Tag Archives: tour de france

TdF 2010 – Stage 3

Tuesday was my last day on the Tour de France. As I already had ~900 images from the previous three days, I decided to leave the heavy equipment (and my press-card) behind, and hit the road on my racing bike, to catch the peloton at the one and only climb of the stage, at the Côte de Bothey (1.4 km climb to 3.4%, Category 4 – basically this is nothing, you can not even notice such a slope if you are riding in the peloton). Of course this meant that I had only my compact camera with me, so the pictures from this day are incomparable with the ones from the previous stages – but when you are not paid by a professional agency, then you have the freedom to choose between good pictures and just pure fun. That day I went for the fun only. We (as Tijl and Kristof – a postdoc and another PhD student, both from Belgium – did also join me on that day) left the Institute of Astronomy at 10:45, so we had three hours to our destination (as the expected arrival time of the riders at the climb was between 13:44 and 13:50, assuming an average speed of 46-42 km/h). As the distance was around 48 km, this was a very safe plan. The roads were generally OK, though we ran into some trouble with one-way streets in Wavre, and we had to ride on cobblestones for 5 km between Court-Saint-Étienne and Villeroux… I have to say that really do not like (or using the word “hate” might be more appropriate in this situation) the cobbles, but I tried to look at that part as the final stage of my integration into Belgium as a cyclist, which made me feel a bit better, and struggle a bit less. Still, the pain building up in my hands during these kilometers was incomparable to anything which I have ever felt on the bike before. And these were really the worst kind of cobbles, with large spaces in between the stones, and with a road-surface which was far from flat with a small bump running along the middle, and two small depressions along the sides (created by cars passing through). But this was the day when even the Tour riders had cobblestones (13.2 km compared to our 10 km, but on a route which is twice as long as ours), so at least we got to know the pain they had to go through later on… Anyway, at the end we arrived a bit more than one hour before the scheduled pass (just after the publicity caravan had passed).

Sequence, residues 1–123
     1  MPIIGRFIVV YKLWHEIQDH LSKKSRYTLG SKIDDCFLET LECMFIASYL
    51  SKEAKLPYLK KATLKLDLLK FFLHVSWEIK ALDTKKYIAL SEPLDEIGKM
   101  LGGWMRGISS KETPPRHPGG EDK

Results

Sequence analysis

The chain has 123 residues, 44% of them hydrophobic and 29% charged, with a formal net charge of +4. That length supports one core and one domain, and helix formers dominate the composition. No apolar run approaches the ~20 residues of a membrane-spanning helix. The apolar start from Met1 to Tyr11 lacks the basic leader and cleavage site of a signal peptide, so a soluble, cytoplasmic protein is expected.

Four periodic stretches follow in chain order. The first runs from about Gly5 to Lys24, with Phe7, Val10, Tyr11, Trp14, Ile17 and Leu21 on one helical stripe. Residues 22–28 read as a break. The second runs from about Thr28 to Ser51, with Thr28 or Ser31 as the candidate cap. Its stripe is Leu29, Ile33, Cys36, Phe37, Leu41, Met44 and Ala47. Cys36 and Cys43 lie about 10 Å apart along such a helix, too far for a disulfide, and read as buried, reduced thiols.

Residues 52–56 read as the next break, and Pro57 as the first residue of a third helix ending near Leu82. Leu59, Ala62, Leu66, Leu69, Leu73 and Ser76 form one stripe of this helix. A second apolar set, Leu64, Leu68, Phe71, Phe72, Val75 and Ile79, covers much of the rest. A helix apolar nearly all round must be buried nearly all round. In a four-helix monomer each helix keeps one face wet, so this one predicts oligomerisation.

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The weather was really nice, sunny but not too warm, not too windy, with no chance of precipitation during the whole day. While we were waiting for the peloton to arrive, we asked someone to take a picture of us (check out the Hungarian flag which I brought along with me):

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The breakaway group arrived almost exactly on the expected time, and the peloton followed them 4’45″ later. We made some interesting observations about the whole stuff around us. 1) The number of support cars and motorcycles are incomparably higher than the number of cyclists. They are just coming and coming and coming for long-long minutes before and after the riders. And knowing that e.g. the team buses move along another route to get from the start of the stage to its finish, it is really shocking to see, that there are still this many vehicles following the peloton itself. 2) The climb was not big, still both the breakaway group, both the main pack was relatively slow after the “top”, so they probably just took a short recovery break there… 3) The gap of 4’45″ felt surprisingly long.

After the closing cars passed, the organizers started to clean up everything very quickly, so we had to be fast to make a picture with the gate itself on the “top”. But we made it of course. (I know it’s way too over-photoshopped, but the lighting was terrible, and our “photographer” was and old French guy who probably took his first picture with a digital camera at that very moment…)